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Ex police chief and journalist concur on need for easier access to data

Posted on: August 26, 2020 by Mariella Brown

A former police chief has said journalists should get easier access to data under the current system of Freedom of Information requests.

Nick Alston, previously Essex Police and Crime Commissioner, spoke of his concerns in a podcast with Archant investigations reporter Charles Thomson (pictured) about the investigation into a Shoebury paedophile ring.  

Alston told Archant’s podcast “Unfinished: Shoebury’s Lost Boys” that it would be much better to see data in the public domain “from the get-go”.

“Seeing the hoops that journalists have to jump through to get Freedom of Information requests and the bureaucracy around answering that, it just seems to me to be largely wasted effort,” Alston said.

As Essex PCC in 2016, Alston had been “instrumental” in the battle for transparency by securing a review into the 1989/90 paedophile ring before he left his role in the police, listeners were told.

Podcast host and reporter Thomson told the SoE that if only more public officials shared Alston’s passion for transparency, our democracy and public services might be far healthier.

 “The UK’s restrictions on access to information are outrageous and leave American journalists agog. Nick Alston rightly says that we have a deeply entrenched culture of secrecy and are far behind best practice,” Thomson said.

Alston had told the podcast that the UK for a whole host of reasons has grown up with a “default position of secrecy in government”.

“At one stage in my career, I was seconded to the British embassy in Washington and you see that there are other ways of doing government. You can do government where you can ring up anybody and speak to anybody and you can get at data much more easily,” the former police chief said.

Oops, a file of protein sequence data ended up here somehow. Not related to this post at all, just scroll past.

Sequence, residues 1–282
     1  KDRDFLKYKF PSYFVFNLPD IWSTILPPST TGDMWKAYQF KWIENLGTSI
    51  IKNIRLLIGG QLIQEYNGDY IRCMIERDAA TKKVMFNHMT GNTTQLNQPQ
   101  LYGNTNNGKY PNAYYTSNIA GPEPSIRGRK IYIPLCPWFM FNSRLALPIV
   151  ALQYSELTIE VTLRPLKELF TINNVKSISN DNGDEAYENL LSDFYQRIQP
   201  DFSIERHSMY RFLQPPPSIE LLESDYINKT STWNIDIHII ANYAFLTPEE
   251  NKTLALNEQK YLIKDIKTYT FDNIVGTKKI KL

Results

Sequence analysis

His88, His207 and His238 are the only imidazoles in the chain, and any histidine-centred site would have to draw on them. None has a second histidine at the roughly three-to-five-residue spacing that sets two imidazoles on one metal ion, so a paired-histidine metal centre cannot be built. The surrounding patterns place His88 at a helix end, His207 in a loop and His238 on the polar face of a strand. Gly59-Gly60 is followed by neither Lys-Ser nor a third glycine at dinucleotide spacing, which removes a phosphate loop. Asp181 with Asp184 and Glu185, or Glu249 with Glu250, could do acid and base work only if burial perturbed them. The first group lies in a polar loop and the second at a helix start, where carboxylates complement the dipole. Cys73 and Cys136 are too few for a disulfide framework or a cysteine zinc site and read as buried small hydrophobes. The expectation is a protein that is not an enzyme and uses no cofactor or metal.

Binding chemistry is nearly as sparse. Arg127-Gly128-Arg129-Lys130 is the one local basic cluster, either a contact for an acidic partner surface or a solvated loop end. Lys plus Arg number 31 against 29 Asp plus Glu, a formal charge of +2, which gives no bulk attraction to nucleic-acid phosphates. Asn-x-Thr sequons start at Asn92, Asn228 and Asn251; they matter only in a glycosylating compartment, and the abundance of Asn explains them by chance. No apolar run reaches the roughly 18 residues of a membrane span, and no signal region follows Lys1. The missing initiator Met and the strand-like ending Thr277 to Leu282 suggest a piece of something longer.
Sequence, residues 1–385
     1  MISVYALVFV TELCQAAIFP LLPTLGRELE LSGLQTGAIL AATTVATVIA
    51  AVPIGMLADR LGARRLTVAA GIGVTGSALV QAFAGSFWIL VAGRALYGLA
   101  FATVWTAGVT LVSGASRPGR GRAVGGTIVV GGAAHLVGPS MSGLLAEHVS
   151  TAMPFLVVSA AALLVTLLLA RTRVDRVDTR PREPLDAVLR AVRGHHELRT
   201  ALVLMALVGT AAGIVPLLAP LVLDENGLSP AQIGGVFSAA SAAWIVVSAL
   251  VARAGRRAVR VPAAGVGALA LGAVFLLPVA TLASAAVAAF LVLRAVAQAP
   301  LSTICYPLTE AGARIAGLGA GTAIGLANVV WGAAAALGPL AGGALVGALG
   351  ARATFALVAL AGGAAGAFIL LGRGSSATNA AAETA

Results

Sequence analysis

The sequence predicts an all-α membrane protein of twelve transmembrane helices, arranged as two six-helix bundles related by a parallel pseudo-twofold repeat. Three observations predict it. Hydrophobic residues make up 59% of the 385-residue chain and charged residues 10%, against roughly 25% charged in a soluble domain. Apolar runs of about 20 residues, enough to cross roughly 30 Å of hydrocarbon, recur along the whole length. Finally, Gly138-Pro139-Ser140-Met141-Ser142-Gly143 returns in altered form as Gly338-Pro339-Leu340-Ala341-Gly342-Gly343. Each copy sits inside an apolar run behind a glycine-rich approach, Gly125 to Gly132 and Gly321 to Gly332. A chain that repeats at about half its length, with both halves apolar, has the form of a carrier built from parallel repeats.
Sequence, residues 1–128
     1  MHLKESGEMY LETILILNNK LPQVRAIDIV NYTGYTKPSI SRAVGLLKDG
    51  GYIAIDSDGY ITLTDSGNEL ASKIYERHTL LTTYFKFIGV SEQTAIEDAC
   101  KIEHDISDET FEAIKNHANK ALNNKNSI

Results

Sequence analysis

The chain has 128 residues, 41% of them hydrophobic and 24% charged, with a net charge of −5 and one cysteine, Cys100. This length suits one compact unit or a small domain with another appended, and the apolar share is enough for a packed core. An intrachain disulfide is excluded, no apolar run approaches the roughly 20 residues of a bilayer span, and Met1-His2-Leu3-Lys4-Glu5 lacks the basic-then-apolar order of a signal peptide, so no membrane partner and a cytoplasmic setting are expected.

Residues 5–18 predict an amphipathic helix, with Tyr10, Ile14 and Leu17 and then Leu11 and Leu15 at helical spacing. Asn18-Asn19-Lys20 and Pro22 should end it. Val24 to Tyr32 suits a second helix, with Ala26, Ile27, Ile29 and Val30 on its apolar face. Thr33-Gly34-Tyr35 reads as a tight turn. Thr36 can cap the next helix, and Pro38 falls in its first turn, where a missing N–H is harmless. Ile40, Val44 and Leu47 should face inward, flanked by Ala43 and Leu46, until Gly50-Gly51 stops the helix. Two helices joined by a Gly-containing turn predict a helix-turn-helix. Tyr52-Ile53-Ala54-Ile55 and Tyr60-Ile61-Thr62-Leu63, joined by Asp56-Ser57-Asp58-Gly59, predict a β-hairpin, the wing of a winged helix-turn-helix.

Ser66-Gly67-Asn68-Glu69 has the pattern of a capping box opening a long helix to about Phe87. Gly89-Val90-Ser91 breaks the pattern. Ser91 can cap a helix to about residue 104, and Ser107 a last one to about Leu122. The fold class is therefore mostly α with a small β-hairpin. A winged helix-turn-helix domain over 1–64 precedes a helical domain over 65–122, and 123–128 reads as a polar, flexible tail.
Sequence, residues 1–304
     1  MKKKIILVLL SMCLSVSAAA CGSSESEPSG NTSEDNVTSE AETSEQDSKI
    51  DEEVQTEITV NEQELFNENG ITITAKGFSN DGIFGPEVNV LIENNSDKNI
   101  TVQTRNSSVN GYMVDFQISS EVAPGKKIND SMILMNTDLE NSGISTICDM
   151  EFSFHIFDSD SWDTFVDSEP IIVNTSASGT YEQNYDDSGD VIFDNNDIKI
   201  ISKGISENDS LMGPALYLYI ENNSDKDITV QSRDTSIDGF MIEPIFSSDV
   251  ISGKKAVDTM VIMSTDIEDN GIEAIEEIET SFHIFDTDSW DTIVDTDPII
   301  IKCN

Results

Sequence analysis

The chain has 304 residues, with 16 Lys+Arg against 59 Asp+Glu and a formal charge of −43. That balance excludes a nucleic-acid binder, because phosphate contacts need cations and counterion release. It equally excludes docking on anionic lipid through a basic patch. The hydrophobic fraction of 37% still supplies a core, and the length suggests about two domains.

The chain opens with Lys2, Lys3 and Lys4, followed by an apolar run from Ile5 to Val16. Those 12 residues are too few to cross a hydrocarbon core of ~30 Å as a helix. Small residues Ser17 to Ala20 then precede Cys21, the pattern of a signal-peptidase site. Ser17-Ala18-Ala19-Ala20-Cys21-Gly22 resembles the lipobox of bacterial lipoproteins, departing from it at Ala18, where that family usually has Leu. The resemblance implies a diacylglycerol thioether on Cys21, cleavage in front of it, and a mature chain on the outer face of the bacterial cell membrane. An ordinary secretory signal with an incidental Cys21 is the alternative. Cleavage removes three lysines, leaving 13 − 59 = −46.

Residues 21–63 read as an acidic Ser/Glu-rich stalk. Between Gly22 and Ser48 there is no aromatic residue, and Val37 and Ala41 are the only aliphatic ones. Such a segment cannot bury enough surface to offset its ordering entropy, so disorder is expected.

Thomson, whose five years investigating the Shoebury case for the Yellow Advertiser newspaper won awards, explained how the UK’s restrictions widely hinder investigations.

“There is a stark difference in transparency between the UK and, for example, the US – particularly in regard to the justice system,” Thomson told the SoE.

“In America, journalists can easily access complete police investigation files and trial records – thousands of pages. In the UK, extracting even a few pages can take months or years of arguments and legal challenges and even then, our extreme GDPR rules wipe out crucial details, such as the identities of witnesses, making it near impossible to investigate potential corruption or miscarriages of justice. 

“In the podcast, I recount various reasons why information on the Shoebury paedophile ring has been censored. They range from claiming that releasing violent paedophiles’ criminal histories might cause their relatives to become mentally ill, to arguing that any information which describes a police tactic – even if that ‘tactic’ is just knocking on somebody’s door and asking them questions – must be redacted, or else it might teach criminals how to avoid detection. Essex Council claimed it would take ‘many hundreds of hours’ to redact a 142-page report on alleged abuse by its own staff, and claimed there was ‘no public interest’ in releasing it.”

The Unfinished podcast was recently nominated by Press Gazette as one of the top journalism podcasts of 2020. Listen here.